The FCC has declared that the use of AI-generated voices in robocalls is prohibited by law.

The FCC has declared that the use of AI-generated voices in robocalls is prohibited by law.

On Thursday, the Federal Communications Commission deemed the utilization of voice-cloning technology in automated calls as unlawful, providing states with an additional means to pursue the scammers responsible for these calls.

The decision is now in effect and is a response to a rise in deceptive calls caused by technology that can imitate the voices of famous individuals, politicians, and even relatives.

According to FCC Chairwoman Jessica Rosenworcel, malicious individuals are utilizing artificially intelligent voices in unwanted automated phone calls to manipulate susceptible family members, impersonate famous figures, and spread false information about voting. Under the new regulations, state attorneys general will have additional resources to combat these fraudulent activities and safeguard the public against deception and false information.

A fraudulent automated call, pretending to be President Biden, urged voters not to participate in the election. Approximately 5,000 to 25,000 of these calls were placed.

A fraudulent automated call, pretending to be from Biden, advises Democrats not to participate in the New Hampshire primary.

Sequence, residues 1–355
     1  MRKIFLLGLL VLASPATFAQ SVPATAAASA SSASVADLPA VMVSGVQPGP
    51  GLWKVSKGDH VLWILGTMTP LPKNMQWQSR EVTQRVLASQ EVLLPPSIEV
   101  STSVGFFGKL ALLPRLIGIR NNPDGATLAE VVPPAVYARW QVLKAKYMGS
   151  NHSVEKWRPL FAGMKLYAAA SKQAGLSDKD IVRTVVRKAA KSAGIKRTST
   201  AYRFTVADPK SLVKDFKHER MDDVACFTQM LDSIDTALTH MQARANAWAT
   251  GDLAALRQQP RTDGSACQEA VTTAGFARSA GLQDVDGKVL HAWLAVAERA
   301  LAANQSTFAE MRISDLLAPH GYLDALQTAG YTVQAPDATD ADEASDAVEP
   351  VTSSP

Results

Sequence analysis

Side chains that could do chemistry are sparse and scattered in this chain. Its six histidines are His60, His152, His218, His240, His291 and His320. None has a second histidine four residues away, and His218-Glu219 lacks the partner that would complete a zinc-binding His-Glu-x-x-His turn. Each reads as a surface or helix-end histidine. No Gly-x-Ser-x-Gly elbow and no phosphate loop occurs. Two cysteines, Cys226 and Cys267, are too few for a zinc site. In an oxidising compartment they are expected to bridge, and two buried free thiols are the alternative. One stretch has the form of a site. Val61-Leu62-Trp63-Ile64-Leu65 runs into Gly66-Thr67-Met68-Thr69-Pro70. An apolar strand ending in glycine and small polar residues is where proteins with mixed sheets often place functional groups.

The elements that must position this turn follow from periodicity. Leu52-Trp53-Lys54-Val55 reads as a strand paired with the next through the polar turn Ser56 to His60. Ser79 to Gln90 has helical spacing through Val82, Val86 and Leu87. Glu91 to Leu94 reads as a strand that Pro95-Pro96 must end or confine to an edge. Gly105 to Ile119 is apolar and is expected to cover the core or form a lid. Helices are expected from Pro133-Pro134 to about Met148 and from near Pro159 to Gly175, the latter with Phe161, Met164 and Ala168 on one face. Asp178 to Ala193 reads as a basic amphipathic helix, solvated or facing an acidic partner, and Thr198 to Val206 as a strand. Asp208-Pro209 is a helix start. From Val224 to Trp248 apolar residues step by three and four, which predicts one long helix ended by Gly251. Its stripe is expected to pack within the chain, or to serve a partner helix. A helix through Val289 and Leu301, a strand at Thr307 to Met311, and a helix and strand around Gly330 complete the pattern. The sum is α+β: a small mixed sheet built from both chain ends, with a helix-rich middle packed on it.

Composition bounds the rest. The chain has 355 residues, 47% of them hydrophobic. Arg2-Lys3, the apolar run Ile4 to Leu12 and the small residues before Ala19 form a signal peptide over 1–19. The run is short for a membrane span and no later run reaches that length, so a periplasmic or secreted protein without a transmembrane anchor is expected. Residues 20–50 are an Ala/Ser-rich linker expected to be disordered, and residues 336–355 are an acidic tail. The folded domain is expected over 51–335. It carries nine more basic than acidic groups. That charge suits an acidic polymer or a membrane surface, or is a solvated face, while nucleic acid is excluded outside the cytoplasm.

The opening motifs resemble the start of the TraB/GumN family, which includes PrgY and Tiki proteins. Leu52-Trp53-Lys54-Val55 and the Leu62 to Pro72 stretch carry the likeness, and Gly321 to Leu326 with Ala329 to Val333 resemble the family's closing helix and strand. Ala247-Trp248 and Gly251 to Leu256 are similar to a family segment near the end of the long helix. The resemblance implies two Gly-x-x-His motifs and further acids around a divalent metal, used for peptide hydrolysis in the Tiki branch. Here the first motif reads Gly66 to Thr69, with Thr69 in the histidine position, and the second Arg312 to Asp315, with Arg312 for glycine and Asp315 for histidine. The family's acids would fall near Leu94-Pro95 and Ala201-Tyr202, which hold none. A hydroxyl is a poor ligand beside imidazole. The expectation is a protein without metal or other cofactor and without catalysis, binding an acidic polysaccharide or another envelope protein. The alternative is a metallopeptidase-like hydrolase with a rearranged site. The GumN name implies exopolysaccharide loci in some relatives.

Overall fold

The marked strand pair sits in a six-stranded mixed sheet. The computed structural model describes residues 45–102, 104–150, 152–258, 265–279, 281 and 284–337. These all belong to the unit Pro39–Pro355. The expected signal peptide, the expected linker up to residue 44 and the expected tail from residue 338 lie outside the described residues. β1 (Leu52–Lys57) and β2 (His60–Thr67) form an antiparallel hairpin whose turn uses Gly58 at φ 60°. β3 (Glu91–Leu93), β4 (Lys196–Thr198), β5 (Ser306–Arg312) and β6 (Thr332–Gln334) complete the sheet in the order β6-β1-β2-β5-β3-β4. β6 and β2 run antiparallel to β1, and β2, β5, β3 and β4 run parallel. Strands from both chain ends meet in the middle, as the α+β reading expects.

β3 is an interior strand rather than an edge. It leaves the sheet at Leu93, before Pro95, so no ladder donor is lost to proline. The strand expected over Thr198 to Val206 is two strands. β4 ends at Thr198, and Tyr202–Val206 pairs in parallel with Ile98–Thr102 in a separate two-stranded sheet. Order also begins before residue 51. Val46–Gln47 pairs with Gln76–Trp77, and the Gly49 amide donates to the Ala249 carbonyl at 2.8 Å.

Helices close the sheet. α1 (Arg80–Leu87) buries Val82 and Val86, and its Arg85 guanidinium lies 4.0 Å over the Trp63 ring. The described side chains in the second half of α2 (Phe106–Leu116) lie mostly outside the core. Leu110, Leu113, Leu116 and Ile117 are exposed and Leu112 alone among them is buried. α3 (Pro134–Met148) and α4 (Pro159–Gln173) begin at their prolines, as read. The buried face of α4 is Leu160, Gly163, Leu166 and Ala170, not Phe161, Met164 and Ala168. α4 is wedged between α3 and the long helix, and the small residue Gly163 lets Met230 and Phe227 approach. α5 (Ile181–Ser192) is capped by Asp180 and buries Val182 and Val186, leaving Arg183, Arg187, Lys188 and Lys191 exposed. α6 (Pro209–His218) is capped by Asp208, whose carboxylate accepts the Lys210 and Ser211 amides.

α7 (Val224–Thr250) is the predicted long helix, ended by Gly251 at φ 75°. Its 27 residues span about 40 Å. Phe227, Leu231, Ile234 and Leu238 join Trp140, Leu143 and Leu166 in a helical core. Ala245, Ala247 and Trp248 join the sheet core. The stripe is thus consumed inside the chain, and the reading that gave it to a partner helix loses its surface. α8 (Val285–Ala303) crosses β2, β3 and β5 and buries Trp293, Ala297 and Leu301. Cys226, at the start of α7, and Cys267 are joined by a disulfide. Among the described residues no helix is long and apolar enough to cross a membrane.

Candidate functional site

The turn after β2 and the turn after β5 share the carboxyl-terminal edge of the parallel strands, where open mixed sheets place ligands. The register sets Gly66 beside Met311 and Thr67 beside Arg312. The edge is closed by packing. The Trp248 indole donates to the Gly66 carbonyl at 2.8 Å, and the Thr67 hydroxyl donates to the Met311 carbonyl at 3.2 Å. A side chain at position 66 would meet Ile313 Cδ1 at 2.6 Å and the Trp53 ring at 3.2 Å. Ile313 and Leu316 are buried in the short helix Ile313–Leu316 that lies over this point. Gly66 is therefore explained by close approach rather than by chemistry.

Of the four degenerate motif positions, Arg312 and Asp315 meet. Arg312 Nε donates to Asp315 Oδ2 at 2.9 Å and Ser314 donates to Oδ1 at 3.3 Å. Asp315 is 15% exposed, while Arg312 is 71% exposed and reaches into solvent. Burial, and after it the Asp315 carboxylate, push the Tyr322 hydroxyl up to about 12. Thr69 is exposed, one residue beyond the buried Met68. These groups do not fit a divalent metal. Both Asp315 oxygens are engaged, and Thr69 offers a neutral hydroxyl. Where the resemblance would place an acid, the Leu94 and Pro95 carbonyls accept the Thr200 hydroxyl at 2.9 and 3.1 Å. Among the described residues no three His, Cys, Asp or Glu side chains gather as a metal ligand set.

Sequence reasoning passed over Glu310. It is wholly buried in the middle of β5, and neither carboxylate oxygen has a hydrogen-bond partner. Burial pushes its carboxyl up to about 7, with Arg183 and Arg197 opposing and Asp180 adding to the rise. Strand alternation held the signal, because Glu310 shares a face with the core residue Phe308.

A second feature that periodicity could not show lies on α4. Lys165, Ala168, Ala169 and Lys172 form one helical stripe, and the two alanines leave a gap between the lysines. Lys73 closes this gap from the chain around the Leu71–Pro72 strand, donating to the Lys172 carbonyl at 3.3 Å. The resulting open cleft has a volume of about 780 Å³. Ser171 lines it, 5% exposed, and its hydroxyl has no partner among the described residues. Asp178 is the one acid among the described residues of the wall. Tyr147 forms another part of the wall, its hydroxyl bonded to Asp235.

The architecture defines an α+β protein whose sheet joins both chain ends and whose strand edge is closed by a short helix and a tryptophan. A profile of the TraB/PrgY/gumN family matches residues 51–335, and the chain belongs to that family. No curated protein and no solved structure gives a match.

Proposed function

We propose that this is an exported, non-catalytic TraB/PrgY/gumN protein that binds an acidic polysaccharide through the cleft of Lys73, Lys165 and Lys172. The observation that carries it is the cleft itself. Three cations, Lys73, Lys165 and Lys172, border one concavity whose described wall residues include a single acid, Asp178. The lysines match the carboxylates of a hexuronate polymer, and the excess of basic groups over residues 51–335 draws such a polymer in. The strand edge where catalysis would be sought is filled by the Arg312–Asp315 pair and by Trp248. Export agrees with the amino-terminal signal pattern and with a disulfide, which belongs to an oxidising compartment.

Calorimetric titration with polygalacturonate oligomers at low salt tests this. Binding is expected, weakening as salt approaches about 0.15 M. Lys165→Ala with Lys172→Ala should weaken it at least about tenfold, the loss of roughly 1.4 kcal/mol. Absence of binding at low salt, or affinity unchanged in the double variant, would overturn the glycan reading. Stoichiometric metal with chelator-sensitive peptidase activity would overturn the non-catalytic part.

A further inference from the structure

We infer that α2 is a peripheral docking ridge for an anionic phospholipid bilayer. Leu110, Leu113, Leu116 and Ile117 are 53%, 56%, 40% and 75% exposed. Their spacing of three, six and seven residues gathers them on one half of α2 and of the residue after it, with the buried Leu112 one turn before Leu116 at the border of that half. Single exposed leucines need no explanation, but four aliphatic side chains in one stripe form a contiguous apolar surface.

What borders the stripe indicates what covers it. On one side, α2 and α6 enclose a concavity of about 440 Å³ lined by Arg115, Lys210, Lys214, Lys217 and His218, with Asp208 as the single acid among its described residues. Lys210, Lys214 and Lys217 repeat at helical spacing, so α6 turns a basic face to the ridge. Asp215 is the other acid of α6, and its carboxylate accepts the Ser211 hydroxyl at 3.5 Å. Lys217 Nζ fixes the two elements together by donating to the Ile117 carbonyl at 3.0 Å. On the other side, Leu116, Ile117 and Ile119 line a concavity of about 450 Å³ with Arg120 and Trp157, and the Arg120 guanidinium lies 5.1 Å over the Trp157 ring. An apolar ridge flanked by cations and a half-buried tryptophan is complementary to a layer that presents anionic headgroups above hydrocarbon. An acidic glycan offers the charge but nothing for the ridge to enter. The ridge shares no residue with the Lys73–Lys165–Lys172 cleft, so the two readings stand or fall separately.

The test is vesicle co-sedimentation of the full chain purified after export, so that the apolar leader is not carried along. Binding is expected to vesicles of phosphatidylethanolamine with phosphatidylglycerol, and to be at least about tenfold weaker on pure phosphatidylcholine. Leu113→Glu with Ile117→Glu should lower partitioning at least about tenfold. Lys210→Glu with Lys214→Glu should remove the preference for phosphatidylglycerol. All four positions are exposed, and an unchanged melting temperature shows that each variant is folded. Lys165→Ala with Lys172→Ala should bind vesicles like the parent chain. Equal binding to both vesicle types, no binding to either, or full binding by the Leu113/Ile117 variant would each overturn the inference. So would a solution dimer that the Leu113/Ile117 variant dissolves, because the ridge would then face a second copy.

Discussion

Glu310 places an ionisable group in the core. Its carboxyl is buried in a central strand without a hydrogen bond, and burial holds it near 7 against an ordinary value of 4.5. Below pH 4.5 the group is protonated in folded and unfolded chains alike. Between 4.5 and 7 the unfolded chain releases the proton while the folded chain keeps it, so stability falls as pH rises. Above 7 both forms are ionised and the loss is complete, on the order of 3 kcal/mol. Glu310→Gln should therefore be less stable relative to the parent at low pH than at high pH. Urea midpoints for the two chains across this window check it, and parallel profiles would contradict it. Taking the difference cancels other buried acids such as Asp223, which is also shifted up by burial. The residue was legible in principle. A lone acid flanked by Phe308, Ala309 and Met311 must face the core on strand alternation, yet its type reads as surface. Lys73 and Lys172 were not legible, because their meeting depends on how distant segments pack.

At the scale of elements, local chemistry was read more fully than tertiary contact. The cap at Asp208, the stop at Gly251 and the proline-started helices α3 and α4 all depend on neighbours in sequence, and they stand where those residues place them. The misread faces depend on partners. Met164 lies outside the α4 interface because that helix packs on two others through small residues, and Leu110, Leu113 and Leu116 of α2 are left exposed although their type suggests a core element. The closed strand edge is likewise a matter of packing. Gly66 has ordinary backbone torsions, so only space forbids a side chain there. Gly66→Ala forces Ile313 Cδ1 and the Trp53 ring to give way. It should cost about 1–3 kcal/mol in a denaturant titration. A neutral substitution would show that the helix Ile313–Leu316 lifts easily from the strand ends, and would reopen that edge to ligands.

On November 26, 2021, New Hampshire’s Attorney General John Formella announced. like me

On Tuesday, an AI-generated recording was created to mimic my voice.

The president has been associated with two Texas businesses, and an investigation for potential criminal activity is currently in progress.

The artificial intelligence-produced disinformation targeting voters prompted two U.S. Senators — Minnesota Democrat Amy Klobuchar and Maine Republican Susan Collins to recently to improve

Urge the U.S. Election Assistance Commission to implement measures to enhance.
to counteract these false information campaigns.

The recent robocall in New Hampshire is just one example of the use of AI-generated media, including images, videos, and audio, that has further heated up the already contentious 2024 election campaign.

Kate Gibson